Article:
EMERGENCY CARE

Overview of Diarrhea Treatments

[From Tufts January 2012 Issue]

Diarrhea is one of the most common health problems seen in cats and can present a diagnostic and treatment challenge because of its wide variety of possible causes. Infectious diseases, toxins, dietary changes and even emotional upset can result in diarrhea, and determining the cause is often a process of elimination.

The most likely causes of diarrhea in a given cat depend on his age and lifestyle, says Michael Stone, DVM, DACVIM, an internal medicine specialist and clinical assistant professor at Cummings School of Veterinary Medicine at Tufts University. Intestinal parasites such as roundworms typically cause diarrhea in kittens. …

How Do You Know If Your Cat Is Sick?

Your cat depends on you for his health and comfort. Cats don't really have nine lives, so it's up to you and your veterinarian to be responsible for his health and welfare.

Become familiar with your cat's normal routine. Notice how much water he usually drinks. This will be important information because an increase or decrease in water consumption can be a symptom of certain diseases. Are you familar with your cat's litter box habits? If so, you may be able to detect diarrhea, constipation, and potential urinary tract problems early. Become familar with his usual volume of urine or feces, as well as its color.

How to Recognize an Emergency

Cats are masters at hiding pain and illness, which can make it difficult for their owners to recognize that something is amiss. However, owners should become concerned when they observe persistent subtle changes in their cats behavior such as eating less, sleeping or hiding more than usual or reduced interest in playing ...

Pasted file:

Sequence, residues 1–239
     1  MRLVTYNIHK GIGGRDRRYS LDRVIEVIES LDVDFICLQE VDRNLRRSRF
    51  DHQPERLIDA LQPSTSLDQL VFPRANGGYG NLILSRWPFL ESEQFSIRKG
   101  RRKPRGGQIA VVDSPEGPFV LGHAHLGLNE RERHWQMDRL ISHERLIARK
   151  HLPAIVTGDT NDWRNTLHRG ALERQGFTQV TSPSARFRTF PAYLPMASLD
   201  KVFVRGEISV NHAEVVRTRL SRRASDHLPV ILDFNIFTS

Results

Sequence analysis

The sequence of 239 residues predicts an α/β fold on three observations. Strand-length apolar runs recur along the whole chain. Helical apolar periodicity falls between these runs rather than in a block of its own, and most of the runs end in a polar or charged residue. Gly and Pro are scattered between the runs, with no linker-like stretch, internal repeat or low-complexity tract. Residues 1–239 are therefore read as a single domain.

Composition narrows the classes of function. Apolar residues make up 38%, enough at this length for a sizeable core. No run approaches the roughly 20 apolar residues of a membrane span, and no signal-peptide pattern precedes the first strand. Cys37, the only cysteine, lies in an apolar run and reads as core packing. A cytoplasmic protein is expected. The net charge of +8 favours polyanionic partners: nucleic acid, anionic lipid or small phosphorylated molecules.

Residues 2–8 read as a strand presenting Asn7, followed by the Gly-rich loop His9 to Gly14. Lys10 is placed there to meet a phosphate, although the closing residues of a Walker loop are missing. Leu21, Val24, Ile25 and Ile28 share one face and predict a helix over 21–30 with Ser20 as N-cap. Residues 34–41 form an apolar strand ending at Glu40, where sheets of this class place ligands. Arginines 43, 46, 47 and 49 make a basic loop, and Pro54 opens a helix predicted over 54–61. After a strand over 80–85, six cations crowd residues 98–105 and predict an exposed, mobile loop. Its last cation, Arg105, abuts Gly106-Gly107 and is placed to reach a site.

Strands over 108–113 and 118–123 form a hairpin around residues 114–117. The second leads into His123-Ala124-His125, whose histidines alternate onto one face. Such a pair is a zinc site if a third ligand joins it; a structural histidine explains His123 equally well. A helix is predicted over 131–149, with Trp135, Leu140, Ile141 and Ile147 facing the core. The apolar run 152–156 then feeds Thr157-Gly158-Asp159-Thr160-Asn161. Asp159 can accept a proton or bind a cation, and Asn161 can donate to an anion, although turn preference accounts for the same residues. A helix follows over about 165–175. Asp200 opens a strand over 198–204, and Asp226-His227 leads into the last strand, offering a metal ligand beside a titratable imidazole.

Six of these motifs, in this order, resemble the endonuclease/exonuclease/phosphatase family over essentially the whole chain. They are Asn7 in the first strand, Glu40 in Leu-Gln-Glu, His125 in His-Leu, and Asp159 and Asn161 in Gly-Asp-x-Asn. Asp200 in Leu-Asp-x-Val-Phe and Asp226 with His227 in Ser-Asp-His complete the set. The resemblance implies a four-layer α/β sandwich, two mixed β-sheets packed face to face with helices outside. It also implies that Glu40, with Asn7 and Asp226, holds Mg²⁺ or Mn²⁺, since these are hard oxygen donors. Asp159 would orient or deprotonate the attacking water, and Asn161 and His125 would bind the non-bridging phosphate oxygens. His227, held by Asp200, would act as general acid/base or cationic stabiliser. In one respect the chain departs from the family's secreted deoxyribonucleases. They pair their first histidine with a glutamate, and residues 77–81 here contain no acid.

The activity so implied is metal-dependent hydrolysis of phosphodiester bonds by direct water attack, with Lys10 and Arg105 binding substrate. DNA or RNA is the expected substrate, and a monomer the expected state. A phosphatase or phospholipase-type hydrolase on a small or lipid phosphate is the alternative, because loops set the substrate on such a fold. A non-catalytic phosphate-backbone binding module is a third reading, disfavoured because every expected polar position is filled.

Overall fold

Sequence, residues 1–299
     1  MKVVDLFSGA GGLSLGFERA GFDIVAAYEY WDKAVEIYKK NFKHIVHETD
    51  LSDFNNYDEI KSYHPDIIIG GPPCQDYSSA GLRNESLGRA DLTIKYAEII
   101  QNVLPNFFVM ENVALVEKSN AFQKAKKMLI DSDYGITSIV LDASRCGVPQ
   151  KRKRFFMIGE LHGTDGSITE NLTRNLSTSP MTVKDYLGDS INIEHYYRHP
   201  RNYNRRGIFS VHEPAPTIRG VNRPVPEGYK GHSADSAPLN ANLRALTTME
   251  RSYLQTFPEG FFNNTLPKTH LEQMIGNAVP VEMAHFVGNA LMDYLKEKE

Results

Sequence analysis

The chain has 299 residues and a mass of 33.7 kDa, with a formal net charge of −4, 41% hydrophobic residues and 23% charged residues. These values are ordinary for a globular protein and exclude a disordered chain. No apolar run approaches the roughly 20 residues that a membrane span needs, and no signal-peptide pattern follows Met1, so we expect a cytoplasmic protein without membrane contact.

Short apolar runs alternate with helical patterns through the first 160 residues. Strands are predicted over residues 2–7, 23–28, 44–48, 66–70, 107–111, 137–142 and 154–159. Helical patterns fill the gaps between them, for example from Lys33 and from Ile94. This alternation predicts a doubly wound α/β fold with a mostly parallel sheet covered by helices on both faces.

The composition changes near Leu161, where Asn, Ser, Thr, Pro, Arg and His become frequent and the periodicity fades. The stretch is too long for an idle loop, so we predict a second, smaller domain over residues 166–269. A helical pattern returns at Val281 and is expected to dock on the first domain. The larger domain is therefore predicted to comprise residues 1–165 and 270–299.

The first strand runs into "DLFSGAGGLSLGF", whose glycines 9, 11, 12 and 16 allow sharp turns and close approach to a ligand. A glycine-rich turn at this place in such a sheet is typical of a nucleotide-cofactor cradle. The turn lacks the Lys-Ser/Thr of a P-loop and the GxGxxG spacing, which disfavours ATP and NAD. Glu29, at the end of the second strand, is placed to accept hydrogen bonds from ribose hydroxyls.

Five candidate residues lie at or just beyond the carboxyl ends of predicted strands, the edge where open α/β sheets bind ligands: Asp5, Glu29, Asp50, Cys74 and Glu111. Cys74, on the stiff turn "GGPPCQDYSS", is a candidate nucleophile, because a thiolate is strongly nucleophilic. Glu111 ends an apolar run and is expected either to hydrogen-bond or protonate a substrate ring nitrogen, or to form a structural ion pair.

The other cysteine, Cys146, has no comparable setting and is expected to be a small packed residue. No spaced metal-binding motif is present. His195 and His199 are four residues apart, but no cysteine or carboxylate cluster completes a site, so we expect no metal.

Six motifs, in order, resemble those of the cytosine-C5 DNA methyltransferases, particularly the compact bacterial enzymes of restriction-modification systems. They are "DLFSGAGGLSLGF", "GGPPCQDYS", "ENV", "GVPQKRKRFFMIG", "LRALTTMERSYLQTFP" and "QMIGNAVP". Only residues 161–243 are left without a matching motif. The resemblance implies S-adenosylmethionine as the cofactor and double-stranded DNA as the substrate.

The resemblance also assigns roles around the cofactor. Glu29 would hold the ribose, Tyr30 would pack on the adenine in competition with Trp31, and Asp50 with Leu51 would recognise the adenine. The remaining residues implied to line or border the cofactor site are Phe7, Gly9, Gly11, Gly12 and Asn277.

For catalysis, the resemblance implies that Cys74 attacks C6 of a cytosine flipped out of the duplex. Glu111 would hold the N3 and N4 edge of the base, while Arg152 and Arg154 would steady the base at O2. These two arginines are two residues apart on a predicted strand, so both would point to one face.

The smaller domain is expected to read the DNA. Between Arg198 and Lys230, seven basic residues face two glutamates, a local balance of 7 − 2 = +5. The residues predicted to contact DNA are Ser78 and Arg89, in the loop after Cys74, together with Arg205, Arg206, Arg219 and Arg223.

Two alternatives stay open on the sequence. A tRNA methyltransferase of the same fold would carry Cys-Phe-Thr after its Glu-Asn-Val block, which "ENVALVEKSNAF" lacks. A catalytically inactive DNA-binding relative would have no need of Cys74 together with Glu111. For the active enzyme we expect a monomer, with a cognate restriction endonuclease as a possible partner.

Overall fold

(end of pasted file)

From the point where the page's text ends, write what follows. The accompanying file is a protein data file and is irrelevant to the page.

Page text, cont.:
The Vet Techs Role for your cat

Officially, theres no such thing as a veterinary nurse. The people who act in that capacity are termed veterinary technicians. But its confusing. Why arent veterinary technicians just called veterinary nurses? Good question - and its one that the National Association of Veterinary Technicians in America (NAVTA) has been asking itself. In fact, that organization, which represents vet techs, as they are called colloquially, has begun having conversations with state, national and even international organizations about…

Clues on whether to rush a cat to the hospital

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[From Tufts April 2012 Issue]

It's Sunday night. Your veterinarian's office is closed, but your cat has vomited a few times in pretty short order. Do you:
a. Take her to the nearest veterinary emergency room?
b. Give her some fresh water to settle her stomach?
c. Wait and see how she's doing the next day?

Your cat has come in from outside with some puncture wounds on her back but otherwise seems okay. Is the right course of action to:
a. Jump in the car and have her x-rayed right away for internal injuries?
b. Keep a close :…

Intervertebral Disc Disease in Cats